Many of my friends have problems sleeping. One, who lives alone, listens to the radio in the middle of the night, to drown out creaks and knocks in her home which frighten her. Another suffers from restless legs and has to get up in the middle of the night to walk round the bedroom. (Her husband is undisturbed!)
My own husband has maintained a sleep problem as long as I have known him. Shortly after we met, he had to take some professional exams, and appalling insomnia plagued him throughout. A few years later, when we were living in a small flat, he was asked to be best man for a close friend. The stress of being in the limelight, and having to write and deliver a speech, caused him enormous discomfort. He had to move into the sitting room and sleep on the floor for a week, in order to deal with his insomnia alone.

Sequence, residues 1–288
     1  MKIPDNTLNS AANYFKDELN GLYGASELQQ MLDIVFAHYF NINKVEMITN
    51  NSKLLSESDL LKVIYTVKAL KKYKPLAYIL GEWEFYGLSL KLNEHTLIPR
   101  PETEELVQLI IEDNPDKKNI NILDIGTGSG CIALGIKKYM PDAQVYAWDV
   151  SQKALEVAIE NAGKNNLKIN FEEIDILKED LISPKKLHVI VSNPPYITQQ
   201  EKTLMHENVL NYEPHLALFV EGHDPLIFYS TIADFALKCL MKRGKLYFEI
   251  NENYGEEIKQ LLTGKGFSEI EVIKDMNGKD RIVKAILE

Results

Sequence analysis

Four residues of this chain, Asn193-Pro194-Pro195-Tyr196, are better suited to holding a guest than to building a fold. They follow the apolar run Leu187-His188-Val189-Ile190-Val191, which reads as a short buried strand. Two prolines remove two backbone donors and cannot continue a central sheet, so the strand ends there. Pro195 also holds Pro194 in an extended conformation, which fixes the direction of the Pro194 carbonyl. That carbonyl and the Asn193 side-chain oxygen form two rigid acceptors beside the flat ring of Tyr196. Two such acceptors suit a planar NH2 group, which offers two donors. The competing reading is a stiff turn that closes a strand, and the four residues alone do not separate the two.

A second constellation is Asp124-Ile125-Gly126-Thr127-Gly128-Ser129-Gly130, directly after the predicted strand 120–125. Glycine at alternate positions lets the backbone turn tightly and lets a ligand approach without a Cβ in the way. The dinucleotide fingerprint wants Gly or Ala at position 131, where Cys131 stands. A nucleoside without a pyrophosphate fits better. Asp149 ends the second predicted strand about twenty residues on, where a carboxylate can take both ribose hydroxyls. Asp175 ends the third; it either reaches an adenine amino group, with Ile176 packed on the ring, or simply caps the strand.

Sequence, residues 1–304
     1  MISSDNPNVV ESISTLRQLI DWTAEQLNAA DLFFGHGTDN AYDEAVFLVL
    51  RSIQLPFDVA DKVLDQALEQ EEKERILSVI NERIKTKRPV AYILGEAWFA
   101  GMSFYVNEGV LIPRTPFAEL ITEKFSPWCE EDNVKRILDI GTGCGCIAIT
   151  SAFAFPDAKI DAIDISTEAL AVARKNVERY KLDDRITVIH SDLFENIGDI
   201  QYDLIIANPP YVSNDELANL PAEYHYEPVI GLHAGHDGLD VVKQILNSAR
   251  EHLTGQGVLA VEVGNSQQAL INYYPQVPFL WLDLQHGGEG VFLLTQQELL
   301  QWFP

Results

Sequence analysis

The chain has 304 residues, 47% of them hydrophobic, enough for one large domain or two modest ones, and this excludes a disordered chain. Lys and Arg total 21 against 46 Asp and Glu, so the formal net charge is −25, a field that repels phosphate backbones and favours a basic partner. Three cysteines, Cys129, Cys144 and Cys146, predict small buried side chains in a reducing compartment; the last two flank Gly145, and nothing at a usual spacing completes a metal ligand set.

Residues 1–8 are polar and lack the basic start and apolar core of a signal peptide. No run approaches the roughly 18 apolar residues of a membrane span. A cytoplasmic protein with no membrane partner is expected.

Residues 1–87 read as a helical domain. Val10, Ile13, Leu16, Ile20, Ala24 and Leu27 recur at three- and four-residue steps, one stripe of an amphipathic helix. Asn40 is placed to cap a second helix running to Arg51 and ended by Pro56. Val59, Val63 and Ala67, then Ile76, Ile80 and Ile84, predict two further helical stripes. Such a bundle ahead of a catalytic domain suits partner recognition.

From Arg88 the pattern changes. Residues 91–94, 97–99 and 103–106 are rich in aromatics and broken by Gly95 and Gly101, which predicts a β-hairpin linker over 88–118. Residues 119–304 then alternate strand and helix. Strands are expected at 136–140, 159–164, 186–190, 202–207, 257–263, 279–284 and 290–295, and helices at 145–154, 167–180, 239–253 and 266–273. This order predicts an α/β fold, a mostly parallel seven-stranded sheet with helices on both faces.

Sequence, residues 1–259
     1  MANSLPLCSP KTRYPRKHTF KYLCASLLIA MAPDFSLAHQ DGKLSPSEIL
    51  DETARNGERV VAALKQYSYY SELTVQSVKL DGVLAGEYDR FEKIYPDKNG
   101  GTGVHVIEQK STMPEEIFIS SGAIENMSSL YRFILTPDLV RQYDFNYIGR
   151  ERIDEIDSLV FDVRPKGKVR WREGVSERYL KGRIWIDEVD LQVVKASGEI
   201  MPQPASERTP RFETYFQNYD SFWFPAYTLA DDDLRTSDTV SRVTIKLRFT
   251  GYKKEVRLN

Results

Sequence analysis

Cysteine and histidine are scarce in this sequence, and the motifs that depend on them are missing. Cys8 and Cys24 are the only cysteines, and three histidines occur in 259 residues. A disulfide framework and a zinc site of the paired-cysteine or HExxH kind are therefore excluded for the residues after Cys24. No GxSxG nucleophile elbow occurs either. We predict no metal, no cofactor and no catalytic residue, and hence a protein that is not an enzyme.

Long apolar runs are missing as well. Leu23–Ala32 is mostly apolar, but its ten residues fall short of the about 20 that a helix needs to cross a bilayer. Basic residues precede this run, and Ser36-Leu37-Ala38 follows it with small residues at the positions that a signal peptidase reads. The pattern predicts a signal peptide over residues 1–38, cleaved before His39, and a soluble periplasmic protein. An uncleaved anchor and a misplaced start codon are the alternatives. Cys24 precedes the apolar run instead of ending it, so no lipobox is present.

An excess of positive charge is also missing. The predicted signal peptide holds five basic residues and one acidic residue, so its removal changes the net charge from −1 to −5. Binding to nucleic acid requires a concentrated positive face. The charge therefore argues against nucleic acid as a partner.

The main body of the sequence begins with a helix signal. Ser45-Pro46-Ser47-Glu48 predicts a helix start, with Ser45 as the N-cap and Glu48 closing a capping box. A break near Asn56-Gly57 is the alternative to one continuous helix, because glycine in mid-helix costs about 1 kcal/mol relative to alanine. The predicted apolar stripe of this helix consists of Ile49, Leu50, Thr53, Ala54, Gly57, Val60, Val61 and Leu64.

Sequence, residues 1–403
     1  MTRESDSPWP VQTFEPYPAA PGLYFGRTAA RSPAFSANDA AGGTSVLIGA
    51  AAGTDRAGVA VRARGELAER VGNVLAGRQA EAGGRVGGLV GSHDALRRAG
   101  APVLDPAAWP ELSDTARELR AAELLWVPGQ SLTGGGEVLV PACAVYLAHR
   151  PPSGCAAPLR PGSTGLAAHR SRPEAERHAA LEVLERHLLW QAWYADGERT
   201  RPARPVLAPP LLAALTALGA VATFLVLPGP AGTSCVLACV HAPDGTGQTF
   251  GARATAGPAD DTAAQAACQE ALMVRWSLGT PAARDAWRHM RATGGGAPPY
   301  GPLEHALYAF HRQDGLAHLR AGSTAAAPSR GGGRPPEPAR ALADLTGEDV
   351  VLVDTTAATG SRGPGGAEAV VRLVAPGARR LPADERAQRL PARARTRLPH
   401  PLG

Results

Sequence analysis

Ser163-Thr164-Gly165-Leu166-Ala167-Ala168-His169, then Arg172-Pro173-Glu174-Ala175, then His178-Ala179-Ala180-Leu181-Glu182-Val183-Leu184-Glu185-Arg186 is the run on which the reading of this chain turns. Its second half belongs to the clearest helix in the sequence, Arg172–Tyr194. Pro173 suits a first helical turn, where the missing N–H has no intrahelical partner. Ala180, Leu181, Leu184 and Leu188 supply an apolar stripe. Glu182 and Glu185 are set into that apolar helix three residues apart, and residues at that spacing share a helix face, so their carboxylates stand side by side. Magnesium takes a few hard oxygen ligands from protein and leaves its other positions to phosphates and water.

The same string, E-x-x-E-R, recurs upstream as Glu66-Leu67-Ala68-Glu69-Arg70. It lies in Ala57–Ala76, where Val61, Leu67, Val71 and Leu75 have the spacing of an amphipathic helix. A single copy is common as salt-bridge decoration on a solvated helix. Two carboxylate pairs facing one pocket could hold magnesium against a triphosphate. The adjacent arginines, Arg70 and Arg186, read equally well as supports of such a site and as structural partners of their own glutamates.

Insomnia is defined, for me, as that awful feeling that you have "been awake for hours" and will never sleep again, plus the plaguing worries that swoop in to the undefended mind in the small hours.
Recently, on a visit to a National Trust property, I realised for the first time that it may be entirely normal to be awake for a couple of hours in the middle of the night.
Here's the thing.
And going to bed early (I am mocked for retiring at 9.30pm), and "night time affrightments" are also entirely normal.
These are instructions to the lady of the manor's servant, but they could equally well be "note to self" in the twenty-first century!